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Sage Wisdom

"Good improvisation communicates harmonic progression melodically. Effective melodies manipulate harmonic content through the use of guide tones and preparatory gravity notes, masterfully woven in systematic tension, release, and transparent harmonic definition."



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March 4, 2010 | Don Stiernberg on the "Big Picture" of improvising

This week, we are "borrowing" (stealing, actually...) a segment from an upcoming Mandolin Cafe interview we coordinated with one of the planet's best jazz mandolinist and JazzMando mentor, Don Stiernberg. In editing the piece, we were enthralled by the eloquence in the master's description of the process conceptualizing music, particularly in beginning improvisation. Succinct and articulate, just like his playing. Bite size, enlightening, and delivered with the signature Stiernberg smile.

Look for the full interview to come out soon; it's a goody!

Don responds to the question, "What building blocks have to be in place before one can expect to improvise intelligently or, if not intelligently, then with some sense of a plan or approach?"


don.php.jpg"I've noticed from teaching that when we have problems, it has to be either a mandolinistic issue (Where's an Abmaj7 on this blasted thing?) or a musical issue (What's a maj7 chord anyway?) I think more of us have musical issues than mandolinistic ones. There are really great players who can play all manner of stuff but not know what any of it is! I'll stop players mid solo and ask 'How did you finger that Bbm phrase?' or 'What was that cool thing you played on the dominant chord?' and they won't know where to look. So knowing the names for things on the fretboard in addition to what they sound or feel like seems a good building block. This is less daunting than it seems: there are only four qualities of chords in all of music (major, minor, augmented, diminished) and the beautiful mandolin fretboard is laid out SYMMETRICALLY. Thank You, Lord. Learn one major scale pattern or chord shape, now you can find them all. And as you do, put the names of things in your memory too.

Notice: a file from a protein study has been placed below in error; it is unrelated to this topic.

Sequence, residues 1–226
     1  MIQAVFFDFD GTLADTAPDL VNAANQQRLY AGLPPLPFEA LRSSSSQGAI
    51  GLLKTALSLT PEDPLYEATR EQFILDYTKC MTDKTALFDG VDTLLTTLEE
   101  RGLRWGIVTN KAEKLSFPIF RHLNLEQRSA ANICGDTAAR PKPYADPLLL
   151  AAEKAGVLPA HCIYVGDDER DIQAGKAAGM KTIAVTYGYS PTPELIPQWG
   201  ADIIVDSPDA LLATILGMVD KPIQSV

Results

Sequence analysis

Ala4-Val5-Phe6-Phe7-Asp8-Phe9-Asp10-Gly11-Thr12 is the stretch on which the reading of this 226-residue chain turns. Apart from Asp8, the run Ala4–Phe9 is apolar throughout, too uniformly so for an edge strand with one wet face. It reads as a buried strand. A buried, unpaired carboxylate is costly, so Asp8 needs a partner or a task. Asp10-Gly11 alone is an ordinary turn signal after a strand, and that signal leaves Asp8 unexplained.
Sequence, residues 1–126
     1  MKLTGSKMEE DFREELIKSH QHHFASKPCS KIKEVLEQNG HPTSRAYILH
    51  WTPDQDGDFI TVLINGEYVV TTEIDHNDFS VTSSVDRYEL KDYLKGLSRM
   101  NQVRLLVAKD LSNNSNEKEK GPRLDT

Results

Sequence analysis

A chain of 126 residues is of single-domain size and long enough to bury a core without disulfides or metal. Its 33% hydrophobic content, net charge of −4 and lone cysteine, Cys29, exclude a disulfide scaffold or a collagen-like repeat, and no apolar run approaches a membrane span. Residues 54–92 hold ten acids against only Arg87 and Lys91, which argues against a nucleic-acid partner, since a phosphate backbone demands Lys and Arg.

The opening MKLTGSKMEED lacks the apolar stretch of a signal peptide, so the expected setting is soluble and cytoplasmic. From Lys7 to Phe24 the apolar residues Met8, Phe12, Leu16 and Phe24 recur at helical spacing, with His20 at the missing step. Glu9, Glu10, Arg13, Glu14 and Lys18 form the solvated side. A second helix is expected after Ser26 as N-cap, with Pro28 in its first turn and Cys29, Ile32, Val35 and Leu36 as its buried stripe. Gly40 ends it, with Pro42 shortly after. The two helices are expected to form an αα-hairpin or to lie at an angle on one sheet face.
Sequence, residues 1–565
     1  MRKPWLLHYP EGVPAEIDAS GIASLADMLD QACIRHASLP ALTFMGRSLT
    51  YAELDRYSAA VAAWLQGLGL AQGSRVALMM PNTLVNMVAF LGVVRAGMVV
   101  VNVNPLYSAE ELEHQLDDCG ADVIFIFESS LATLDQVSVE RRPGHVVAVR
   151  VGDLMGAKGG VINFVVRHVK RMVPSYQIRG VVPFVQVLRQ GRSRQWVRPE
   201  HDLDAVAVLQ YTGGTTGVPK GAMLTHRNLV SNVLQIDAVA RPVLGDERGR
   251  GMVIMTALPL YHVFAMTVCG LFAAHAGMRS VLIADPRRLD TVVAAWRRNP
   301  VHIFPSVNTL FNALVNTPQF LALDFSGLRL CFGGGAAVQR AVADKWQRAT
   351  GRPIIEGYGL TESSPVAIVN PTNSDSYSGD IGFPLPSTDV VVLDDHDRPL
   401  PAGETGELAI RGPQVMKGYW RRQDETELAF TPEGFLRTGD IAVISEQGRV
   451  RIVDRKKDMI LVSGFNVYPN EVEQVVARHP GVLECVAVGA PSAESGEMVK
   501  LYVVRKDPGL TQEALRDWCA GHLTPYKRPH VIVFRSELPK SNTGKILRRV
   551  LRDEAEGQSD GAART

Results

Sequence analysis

On the music side if you're tackling improv on a tune you'll need to know it's chord changes, tonalities, and form. As in, well there's an A section which hangs in the key of F predominantly. Then in the B section it goes from F7 to Bb, then G7, and then C7 which of course leads us nice back to the key of F in the A section. (That was "Honeysuckle Rose" I was thinking about)...

Have a 'territory' on the fretboard that corresponds to each change or tonality: 'I know these notes are good for F7.' Then you're ready to marry the mandolinistic with the musical knowledge of the tune, so you're up and running except for rhythms. NO WORRIES--try playing all one rhythm just for starters. Be able to fill the spaces with eighth notes, and if that's too hard on your chops or mind, quarter notes are fine! Fancier rhythms and speech-like playing with stops and starts will come soon enough."

Further:
Improvisation: too many choices?
Intentional Improvisation
Don Stiernberg on Mindful Noodling
Improvising: Throwing mud on the wallDiscipline... in moderation.
Thinking in Sentences

Posted by Ted at March 4, 2010 6:16 AM


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